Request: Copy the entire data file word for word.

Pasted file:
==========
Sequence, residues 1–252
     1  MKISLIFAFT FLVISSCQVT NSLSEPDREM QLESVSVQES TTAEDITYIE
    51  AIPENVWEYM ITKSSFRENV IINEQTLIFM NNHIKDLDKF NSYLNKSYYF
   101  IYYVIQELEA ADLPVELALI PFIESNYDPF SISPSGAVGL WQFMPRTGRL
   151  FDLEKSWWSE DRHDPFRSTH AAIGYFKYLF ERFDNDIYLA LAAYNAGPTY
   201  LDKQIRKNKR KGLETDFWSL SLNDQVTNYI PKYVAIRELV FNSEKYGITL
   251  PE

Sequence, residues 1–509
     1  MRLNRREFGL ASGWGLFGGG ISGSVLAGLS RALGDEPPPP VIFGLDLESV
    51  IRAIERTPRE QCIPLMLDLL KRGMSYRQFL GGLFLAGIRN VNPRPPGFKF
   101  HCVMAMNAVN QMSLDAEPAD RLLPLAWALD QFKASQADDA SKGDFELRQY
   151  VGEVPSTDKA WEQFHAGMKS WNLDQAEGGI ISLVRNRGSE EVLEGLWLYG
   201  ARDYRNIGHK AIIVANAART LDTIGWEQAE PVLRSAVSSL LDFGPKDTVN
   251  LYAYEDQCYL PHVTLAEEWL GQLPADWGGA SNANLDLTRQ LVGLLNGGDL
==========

Sequence, residues 1–252
     1  MKISLIFAFT FLVISSCQVT NSLSEPDREM QLESVSVQES TTAEDITYIE
    51  AIPENVWEYM ITKSSFRENV IINEQTLIFM NNHIKDLDKF NSYLNKSYYF
   101  IYYVIQELEA ADLPVELALI PFIESNYDPF SISPSGAVGL WQFMPRTGRL
   151  FDLEKSWWSE DRHDPFRSTH AAIGYFKYLF ERFDNDIYLA LAAYNAGPTY
   201  LDKQIRKNKR KGLETDFWSL SLNDQVTNYI PKYVAIRELV FNSEKYGITL
   251  PE

Sequence, residues 1–509
     1  MRLNRREFGL ASGWGLFGGG ISGSVLAGLS RALGDEPPPP VIFGLDLESV
    51  IRAIERTPRE QCIPLMLDLL KRGMSYRQFL GGLFLAGIRN VNPRPPGFKF
   101  HCVMAMNAVN QMSLDAEPAD RLLPLAWALD QFKASQADDA SKGDFELRQY
   151  VGEVPSTDKA WEQFHAGMKS WNLDQAEGGI ISLVRNRGSE EVLEGLWLYG
   201  ARDYRNIGHK AIIVANAART LDTIGWEQAE PVLRSAVSSL LDFGPKDTVN
   251  LYAYEDQCYL PHVTLAEEWL GQLPADWGGA SNANLDLTRQ LVGLLNGGDL